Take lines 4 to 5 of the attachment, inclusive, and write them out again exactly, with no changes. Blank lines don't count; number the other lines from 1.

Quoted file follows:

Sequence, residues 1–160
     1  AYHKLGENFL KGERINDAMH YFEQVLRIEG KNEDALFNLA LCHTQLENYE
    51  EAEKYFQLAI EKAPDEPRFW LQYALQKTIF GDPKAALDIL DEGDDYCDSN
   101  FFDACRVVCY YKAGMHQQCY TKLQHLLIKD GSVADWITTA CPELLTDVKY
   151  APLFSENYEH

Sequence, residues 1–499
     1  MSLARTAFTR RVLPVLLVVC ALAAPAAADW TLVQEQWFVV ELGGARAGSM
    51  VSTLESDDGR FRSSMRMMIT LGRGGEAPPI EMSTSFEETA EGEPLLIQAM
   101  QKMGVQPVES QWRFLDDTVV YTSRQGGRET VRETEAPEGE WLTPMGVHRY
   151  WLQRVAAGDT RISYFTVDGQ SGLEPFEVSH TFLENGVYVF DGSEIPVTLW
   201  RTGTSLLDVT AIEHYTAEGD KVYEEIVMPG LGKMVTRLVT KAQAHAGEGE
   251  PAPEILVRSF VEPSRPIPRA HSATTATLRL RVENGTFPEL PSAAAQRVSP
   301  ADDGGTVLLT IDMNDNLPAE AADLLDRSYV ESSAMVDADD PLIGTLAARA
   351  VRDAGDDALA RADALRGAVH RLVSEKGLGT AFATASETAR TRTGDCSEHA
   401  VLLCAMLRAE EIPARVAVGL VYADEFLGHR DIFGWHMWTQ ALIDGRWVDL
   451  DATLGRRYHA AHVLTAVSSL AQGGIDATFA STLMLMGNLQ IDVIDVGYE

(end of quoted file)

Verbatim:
   101  FFDACRVVCY YKAGMHQQCY TKLQHLLIKD GSVADWITTA CPELLTDVKY
   151  APLFSENYEH